Rare skink, believed on the verge of extinction, found in NiueAug 21, 2017
Pacific conservationists and international scientists are very excited that a Niuean skink thought close to extinction has been re located. The Ministry of Natural Resources (MNR) today announced the find of the Olive small-scaled skink Emoia lawesi by a member of its Ridge to Reef (R2R) project team.
A reptile survey of Niue that had recently been conducted by the Ministry, with the assistance of experts from United States Geological Survey (USGS) and Villanova University, found no trace of the animal. However publicity during that survey alerted a tourist, Cindy Pannam, who recently saw a large skink and sent in a photo to the Ministry that was identified as this species. R2R Technical Officer, Fiafia Rex immediately set 23 traps in the area around the sighting and was delighted to capture three of the animals on the third day. Fiafia said, “This is such a great research success story. I doubted that I would find any skinks so soon and then to find three was amazing! I am extremely grateful to Cindy who alerted us of her sighting, the land owners for their permission to survey in the area, and the concerted efforts of the research team including the Department of Environment and the Department of Agriculture, Forestry and Fisheries, under the MNR umbrella.”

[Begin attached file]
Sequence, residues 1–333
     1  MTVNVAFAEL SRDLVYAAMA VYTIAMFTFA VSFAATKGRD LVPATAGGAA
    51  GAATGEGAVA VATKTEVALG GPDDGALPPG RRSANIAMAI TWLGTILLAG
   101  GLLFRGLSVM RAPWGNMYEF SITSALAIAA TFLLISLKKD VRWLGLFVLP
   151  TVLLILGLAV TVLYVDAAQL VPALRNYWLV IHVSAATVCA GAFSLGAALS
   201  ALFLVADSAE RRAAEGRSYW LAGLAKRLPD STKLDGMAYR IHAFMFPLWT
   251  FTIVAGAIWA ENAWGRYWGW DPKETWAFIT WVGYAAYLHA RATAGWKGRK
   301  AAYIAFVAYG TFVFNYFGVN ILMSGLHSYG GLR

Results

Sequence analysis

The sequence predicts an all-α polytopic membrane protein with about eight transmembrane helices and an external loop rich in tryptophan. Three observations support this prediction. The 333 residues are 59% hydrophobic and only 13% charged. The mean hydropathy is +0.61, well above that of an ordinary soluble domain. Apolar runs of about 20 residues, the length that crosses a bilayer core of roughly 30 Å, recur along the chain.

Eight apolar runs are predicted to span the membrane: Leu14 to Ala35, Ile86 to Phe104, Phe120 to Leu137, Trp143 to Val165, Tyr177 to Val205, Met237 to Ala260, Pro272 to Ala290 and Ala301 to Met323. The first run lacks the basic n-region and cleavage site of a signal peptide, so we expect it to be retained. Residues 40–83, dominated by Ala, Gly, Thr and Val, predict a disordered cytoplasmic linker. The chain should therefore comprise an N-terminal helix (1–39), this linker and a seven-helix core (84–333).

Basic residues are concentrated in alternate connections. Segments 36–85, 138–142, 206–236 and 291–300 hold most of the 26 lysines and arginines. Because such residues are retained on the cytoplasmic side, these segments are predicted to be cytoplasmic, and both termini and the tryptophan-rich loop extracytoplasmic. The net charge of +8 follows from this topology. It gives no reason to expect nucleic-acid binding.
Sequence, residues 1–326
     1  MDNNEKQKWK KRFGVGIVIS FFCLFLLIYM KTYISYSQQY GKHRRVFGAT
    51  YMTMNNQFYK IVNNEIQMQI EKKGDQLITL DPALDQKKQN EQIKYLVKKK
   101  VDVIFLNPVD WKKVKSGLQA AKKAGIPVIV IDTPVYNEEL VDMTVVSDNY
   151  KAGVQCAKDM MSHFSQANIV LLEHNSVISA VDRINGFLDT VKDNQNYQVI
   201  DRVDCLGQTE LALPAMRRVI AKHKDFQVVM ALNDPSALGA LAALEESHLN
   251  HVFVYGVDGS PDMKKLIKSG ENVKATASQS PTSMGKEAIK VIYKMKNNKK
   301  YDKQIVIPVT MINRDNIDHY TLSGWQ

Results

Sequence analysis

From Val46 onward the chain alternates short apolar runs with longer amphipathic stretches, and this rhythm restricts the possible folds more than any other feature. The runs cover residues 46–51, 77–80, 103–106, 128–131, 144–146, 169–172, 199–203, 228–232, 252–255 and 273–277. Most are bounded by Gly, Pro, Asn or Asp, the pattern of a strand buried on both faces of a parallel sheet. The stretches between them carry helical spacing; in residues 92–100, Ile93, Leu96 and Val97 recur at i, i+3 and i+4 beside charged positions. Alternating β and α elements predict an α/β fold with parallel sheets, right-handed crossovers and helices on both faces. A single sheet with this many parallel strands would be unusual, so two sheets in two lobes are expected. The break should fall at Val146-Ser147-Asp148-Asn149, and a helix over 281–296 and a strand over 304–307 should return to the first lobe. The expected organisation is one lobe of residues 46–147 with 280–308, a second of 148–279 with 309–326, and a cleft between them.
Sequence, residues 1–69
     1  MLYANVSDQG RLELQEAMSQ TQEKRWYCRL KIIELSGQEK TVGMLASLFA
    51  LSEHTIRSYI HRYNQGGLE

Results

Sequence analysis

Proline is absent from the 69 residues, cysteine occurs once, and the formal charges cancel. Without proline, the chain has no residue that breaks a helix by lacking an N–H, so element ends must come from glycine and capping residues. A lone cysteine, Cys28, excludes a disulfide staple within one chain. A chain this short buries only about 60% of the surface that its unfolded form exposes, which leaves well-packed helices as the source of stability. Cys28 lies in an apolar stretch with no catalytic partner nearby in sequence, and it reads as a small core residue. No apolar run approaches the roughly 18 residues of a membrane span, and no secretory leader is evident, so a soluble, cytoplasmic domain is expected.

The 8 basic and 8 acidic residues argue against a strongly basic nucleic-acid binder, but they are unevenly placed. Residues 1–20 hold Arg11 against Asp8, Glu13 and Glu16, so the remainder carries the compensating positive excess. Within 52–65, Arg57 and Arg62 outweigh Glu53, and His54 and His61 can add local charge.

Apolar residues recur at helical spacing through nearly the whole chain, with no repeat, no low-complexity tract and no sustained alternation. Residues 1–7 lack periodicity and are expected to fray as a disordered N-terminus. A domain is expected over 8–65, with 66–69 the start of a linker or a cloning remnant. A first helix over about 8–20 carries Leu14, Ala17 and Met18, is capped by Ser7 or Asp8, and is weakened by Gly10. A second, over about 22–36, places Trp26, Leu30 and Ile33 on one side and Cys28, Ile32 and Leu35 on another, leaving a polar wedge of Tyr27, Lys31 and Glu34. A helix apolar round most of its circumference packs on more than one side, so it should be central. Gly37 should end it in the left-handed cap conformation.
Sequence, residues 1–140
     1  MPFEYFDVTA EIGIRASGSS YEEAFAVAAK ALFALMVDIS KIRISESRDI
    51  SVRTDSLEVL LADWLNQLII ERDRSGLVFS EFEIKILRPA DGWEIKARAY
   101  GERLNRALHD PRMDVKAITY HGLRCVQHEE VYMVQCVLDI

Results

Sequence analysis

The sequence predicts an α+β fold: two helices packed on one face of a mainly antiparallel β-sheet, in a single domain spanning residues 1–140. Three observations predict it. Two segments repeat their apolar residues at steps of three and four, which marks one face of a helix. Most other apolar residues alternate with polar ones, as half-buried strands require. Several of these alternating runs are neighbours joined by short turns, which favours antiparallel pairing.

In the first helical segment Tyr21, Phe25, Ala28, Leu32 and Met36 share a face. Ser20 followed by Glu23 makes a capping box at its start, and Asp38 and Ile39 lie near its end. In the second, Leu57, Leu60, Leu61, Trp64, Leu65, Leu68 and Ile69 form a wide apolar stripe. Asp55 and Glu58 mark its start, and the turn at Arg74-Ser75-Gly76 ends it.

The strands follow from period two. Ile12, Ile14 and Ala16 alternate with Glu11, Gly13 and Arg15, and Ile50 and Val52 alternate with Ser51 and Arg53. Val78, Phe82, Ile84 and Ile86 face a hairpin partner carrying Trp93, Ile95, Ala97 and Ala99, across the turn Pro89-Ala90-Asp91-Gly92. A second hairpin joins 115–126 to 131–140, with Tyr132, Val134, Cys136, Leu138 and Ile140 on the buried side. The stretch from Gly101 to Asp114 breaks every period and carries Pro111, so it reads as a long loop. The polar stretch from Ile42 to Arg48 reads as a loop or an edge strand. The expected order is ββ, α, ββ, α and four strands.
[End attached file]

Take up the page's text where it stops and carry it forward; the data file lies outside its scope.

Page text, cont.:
USGS herpetologist Stacie Hathaway said “This is incredibly exciting finding that this endangered species, known globally only from Niue and American Samoa, still persists on Niue. Tissues from specimens are critical for genetic analyses to clarify the systematics and conservation status of these Pacific reptiles, to determine whether there may be two separate species making both endemics. We look forward to continuing working with the Ministry and the R2R project to assess this species' distribution.”
The Niue Ridge to Reef project is a 5-year initiative being delivered by MNR, with implementing agency the United Nations Development Programme (UNDP), and funded under the Global Environment Facility (GEF).
Anne Trevor of UNDP’s Multi-Country Office for Cook Island, Niue, Samoa and Tokelau commented: “The reptile survey is the first of several ecological and cultural surveys that will conducted by the project to inform the development of conservation management plans within Niue and achieving this result is a great start. She congratulated all the team involved.”
Thomas Talagi, Communications Officer, Ridge to Reef Project, Ministry of Natural Resources, Niue.
Phone: +683 4741